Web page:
The Americans with Disabilities Act (ADA) did an awful lot to expand the number of opportunities available to people with disabilities in everything from employment to accessing public services. It also helped change the way people with disabilities see themselves. They began to see themselves as capable of doing anything they want to do, with adaptations made for their disabilities. Sailing is a great example.
If you are someone without any personal experience with physical or mental disabilities, you may not view sailing as an activity that disabled people would be interested in. But nothing could be further from the truth. Sailing is one of only a small number of sports that allow people with disabilities to compete on a level playing field against more able-bodied sailors. Any adaptations made to accommodate a disabled sailor in no way give him or her an advantage over able-bodied. Adaptations simply level the playing field.
The Benefits of Sailing to the Disabled
People living with disabilities often feel like they are abnormal. In reality, they are just different. Getting involved in something like sailing drives that point home. Disabled people have their own abilities that manifest themselves in ways that are different. No matter how they manifest themselves, the abilities are still there. Learning to sail makes that clear.
People with physical disabilities can learn every aspect of sailing alongside more able-bodied sailors. They can learn how to trim sails and tack. They can learn how to navigate both on the open water and in a harbor setting. They can even learn the various crew positions on larger vessels, then fill those positions with the right kinds of adaptations.
All of this is good inasmuch as it allows disabled sailors to push themselves to their own limits. It allows them to excel and compete. Nothing boosts confidence in a disabled person more than these kinds of opportunities.
People with learning disabilities can also learn to sail as well. Indeed, there are sailing schools around the U.S. that specialize in teaching developmentally disabled kids and adults alike. Sailing instruction is used as both an educational and a therapeutic tool. Some of the best sailors among them go on to be competitive sailors.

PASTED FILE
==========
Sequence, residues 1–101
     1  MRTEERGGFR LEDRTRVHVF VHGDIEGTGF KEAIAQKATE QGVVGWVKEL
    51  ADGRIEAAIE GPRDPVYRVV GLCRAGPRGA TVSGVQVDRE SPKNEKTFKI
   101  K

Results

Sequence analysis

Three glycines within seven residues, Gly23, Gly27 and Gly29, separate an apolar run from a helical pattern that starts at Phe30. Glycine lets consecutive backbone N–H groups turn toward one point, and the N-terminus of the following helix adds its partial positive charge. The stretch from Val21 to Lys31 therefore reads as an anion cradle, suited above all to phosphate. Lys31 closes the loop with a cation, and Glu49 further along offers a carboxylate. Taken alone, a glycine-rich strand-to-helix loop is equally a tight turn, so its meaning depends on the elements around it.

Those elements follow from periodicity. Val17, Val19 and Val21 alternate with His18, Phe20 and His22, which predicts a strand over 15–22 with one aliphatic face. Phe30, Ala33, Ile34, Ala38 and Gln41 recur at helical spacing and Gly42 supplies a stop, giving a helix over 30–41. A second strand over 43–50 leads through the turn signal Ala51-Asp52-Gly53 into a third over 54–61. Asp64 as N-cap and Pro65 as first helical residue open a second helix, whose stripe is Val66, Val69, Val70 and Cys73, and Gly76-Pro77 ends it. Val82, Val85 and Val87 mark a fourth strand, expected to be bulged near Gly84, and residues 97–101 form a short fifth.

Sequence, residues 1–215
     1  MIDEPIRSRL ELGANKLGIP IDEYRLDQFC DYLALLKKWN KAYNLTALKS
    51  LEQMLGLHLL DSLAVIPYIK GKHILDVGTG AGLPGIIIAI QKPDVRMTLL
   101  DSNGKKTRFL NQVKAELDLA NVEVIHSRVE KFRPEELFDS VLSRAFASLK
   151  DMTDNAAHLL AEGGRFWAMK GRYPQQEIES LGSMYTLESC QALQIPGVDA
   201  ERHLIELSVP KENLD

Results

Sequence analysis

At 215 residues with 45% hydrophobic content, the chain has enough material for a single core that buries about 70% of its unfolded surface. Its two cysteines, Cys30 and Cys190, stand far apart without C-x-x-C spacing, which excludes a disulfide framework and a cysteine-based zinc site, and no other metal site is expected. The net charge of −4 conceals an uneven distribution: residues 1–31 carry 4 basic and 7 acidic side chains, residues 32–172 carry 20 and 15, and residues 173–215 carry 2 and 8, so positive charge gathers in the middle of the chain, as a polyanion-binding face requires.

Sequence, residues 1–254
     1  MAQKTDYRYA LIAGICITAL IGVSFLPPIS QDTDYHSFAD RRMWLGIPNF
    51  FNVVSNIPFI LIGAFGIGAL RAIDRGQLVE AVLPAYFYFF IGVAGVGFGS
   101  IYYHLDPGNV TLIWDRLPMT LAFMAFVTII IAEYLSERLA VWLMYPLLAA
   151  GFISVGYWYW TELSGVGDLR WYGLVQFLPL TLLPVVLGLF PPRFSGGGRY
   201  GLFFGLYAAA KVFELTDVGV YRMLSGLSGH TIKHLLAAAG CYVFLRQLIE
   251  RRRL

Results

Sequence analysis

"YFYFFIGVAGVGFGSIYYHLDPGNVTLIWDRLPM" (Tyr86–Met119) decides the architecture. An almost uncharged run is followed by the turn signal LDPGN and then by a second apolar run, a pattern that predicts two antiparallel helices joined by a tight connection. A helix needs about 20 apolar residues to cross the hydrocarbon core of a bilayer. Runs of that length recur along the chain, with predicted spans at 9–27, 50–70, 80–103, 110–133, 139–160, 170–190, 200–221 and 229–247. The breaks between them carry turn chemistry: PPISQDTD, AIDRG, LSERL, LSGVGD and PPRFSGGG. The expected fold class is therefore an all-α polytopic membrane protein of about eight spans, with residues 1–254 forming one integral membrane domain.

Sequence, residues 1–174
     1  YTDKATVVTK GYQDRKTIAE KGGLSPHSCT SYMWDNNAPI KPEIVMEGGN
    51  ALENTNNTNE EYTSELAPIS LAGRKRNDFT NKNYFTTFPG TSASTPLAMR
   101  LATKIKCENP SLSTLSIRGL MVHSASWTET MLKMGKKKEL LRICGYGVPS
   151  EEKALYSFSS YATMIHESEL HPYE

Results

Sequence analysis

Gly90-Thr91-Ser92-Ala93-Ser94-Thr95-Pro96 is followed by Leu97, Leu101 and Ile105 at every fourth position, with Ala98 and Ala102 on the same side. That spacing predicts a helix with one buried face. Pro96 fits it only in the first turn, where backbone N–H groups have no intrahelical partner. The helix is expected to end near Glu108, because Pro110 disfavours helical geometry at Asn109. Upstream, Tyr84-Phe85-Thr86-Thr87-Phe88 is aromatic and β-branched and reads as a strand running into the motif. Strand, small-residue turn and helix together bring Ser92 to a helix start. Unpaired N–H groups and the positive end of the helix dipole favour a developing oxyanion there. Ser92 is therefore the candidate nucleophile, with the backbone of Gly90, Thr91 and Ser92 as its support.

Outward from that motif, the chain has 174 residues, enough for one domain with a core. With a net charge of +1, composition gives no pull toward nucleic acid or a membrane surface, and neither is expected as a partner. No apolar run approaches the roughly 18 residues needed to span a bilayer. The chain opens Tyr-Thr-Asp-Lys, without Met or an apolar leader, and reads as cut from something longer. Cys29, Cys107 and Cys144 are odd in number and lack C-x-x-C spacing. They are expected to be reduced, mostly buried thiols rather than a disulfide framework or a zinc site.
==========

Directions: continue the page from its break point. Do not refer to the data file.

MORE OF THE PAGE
Starting with Online School
If there is any disadvantage the disabled experience in learning to sail it is the fact that not every school in America is equipped to help them. That’s changing, but there is still a long way to go before adaptive sailing is mainstream. That means disabled sailors have to be more selective in the schools they choose.
The good news is that they can use online sailing courses to get the book work done prior to beginning hands-on training. NauticEd, one of the largest and most recognized online sailing schools in the world, offers a full litany of courses that any sailor can take to prepare him or herself for on-the-water training.
Studying online affords disabled sailors the opportunity to complete their coursework on their own time, in whatever location makes them comfortable. They can study at their own pace, too. The disabled sailor can take as long as he or she needs to finish a course, pass a test, and move onto the next one. Only when the person knows he or she is ready will he/she move on to hands-on training.
Thanks to the ADA and a growing awareness of the challenges those with disabilities face, sailing is becoming a sport that more disabled people are taking up. The boat doesn’t care whether a disabled sailor is on board, so why should sailors? They don’t. And that’s a good thing.